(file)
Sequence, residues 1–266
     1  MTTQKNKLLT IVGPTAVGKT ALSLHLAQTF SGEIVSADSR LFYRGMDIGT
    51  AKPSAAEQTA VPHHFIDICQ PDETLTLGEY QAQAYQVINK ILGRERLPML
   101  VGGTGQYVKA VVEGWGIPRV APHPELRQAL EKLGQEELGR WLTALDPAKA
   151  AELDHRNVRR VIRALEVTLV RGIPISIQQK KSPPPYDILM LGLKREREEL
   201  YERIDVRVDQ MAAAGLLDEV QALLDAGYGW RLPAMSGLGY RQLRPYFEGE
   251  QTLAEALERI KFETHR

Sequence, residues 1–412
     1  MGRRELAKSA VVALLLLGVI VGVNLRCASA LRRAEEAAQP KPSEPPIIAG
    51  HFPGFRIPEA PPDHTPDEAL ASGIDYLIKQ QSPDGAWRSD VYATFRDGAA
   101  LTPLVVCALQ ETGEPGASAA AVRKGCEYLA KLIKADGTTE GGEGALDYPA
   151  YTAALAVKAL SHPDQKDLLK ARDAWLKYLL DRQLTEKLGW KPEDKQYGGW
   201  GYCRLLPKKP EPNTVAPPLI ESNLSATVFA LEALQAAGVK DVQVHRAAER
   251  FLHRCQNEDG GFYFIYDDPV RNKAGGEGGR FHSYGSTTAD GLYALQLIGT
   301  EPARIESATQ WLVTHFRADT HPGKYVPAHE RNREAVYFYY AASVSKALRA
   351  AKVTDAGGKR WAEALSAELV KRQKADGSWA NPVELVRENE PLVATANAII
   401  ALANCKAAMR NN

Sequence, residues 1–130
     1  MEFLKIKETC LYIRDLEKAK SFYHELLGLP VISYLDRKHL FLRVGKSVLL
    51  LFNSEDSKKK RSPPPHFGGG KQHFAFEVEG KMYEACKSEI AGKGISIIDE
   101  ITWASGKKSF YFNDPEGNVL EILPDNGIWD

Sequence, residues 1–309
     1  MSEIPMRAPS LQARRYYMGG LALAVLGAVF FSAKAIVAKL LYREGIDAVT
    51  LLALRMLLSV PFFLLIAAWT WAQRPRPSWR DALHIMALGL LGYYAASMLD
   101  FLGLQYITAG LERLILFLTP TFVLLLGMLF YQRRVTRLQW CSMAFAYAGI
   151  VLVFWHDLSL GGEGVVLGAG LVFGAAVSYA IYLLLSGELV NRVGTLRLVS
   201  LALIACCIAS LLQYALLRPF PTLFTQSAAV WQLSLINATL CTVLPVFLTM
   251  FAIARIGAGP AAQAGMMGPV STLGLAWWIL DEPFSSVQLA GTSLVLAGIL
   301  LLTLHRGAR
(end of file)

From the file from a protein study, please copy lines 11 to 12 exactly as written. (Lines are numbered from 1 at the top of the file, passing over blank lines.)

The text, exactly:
   101  LTPLVVCALQ ETGEPGASAA AVRKGCEYLA KLIKADGTTE GGEGALDYPA
   151  YTAALAVKAL SHPDQKDLLK ARDAWLKYLL DRQLTEKLGW KPEDKQYGGW